Eusebius of Caesarea provides the names of an unbroken succession of thirty-six Bishops of Jerusalem up to the year 324.[3] The first sixteen of these bishops were Jewish—from James the Just through Judas († 135)—the remainder were Gentiles.

By the time of the First Council of Nicaea in 325 the bishop of Aelia Capitolina (the name given to the Roman colony founded on the site of Jerusalem after Bar Kokhba's revolt), was not even the highest ranking in the province, being subject to the Metropolitan of Caesarea. However, the Council accorded the bishop a certain undefined precedence in its seventh canon.

It gradually grew in prestige, and in a decree issued from the seventh session of the Council of Chalcedon in 451 it was recognized as possessing full Patriarchal status, ranked fifth after the Churches of Rome, Constantinople, Alexandria, and Antioch (see the article on Pentarchy).

The Brotherhood of the Holy Sepulchre, which is closely linked to the Orthodox Church of Jerusalem, remains the custodian of many of the Christian Holy places in the Holy Land, sometimes jointly with the Roman Catholic Church and the Oriental Churches (Egyptian and Ethiopian Coptics and Armenian Orthodox Christians).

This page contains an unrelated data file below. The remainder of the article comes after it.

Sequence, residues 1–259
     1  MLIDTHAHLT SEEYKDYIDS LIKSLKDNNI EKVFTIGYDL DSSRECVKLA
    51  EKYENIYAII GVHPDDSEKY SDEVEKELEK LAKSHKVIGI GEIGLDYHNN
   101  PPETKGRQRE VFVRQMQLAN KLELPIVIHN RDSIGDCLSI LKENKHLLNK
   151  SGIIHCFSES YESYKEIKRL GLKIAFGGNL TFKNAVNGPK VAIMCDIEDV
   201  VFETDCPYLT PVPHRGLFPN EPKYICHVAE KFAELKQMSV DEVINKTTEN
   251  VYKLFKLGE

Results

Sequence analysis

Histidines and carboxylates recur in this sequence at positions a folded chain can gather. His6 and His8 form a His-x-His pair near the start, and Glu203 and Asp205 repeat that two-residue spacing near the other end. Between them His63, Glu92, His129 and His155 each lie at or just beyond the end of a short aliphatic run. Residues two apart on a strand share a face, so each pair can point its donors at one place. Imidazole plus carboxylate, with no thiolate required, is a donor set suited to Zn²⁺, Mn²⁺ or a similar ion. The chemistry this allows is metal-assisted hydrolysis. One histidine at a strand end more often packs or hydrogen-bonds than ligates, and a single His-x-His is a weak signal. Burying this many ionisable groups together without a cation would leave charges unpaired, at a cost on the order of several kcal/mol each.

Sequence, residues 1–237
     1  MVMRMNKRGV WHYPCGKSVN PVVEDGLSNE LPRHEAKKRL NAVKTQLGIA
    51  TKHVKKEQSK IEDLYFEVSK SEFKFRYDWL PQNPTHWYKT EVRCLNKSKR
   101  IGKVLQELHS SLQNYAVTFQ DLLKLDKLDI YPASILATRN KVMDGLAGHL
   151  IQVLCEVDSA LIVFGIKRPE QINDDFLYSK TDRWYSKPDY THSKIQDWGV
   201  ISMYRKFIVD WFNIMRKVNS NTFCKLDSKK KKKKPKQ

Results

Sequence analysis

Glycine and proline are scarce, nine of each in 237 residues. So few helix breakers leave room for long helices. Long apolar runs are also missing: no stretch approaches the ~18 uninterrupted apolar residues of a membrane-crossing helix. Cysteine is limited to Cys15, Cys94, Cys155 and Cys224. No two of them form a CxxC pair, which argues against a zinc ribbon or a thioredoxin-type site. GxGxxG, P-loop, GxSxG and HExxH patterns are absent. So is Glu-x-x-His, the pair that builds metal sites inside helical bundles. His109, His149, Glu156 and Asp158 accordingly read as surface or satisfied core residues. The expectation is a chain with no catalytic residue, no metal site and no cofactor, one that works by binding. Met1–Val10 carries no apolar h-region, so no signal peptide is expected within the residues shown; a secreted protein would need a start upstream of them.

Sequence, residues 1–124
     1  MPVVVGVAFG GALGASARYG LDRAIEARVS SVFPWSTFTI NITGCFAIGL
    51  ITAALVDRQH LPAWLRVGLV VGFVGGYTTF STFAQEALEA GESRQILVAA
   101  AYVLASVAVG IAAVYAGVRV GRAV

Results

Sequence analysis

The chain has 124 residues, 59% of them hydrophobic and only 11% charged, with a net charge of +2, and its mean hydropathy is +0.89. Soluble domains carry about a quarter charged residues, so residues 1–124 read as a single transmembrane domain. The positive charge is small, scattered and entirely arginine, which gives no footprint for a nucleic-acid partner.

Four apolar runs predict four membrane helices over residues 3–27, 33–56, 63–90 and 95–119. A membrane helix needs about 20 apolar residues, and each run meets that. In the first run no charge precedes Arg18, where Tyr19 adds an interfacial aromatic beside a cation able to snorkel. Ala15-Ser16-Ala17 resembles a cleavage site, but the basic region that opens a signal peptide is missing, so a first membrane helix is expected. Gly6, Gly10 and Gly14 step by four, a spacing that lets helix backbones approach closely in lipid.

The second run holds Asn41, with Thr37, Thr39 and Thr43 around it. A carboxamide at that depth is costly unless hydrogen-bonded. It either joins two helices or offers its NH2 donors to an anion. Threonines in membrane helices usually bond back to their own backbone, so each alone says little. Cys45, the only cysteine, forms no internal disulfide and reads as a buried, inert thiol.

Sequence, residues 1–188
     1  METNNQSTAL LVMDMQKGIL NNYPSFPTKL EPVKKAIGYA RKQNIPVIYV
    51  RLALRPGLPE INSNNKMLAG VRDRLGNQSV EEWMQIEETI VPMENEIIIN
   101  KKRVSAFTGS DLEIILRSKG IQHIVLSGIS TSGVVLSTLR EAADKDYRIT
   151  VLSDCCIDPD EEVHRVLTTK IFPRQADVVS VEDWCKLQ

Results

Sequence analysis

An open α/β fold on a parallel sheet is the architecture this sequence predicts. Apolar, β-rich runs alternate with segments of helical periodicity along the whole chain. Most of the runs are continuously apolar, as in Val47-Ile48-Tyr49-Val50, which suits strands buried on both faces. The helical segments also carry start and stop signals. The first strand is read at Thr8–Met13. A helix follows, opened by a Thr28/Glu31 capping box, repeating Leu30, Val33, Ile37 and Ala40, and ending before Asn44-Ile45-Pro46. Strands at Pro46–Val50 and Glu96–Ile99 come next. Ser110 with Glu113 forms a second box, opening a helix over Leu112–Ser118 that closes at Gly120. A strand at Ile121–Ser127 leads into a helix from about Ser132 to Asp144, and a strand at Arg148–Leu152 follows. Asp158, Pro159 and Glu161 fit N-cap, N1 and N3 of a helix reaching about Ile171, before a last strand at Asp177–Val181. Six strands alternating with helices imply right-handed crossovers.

Recent history

Lately there has been criticism of the church leadership by some of the Palestinian faithful (known as Arab Orthodox) who accuse the Greek-speaking and largely Greek-born leadership of squandering their money and treating their Arabic-speaking members as second-class faithful.

The Palestinian faithful (Arab Orthodox) have expressed the desire to have local and or Palestinian leaders in the positions of authority in their respective districts, in contrast to the tradition (since Ottoman times) of the higher authority being made of ethnic Greeks. The Orthodox Church is sometimes compared unfavourably in this respect to the Melkite Greek Catholic Church, which has Arabic as its official and liturgical language.

In 2005, a crisis of the patriarchy occurred when Patriarch Irenaios was stripped of his authority as patriarch by the Holy Synod of Jerusalem after he had allegedly leased church property in a very sensitive area of East Jerusalem to Israeli companies. [4] The locum tenens (steward) until the election of a new patriarch was Metropolitan Cornelius of Petra. On August 22, 2005, the Holy Synod of the Church of Jerusalem unanimously elected Theofilos III, the former Archbishop of Tabor, as the 141st Patriarch of Jerusalem.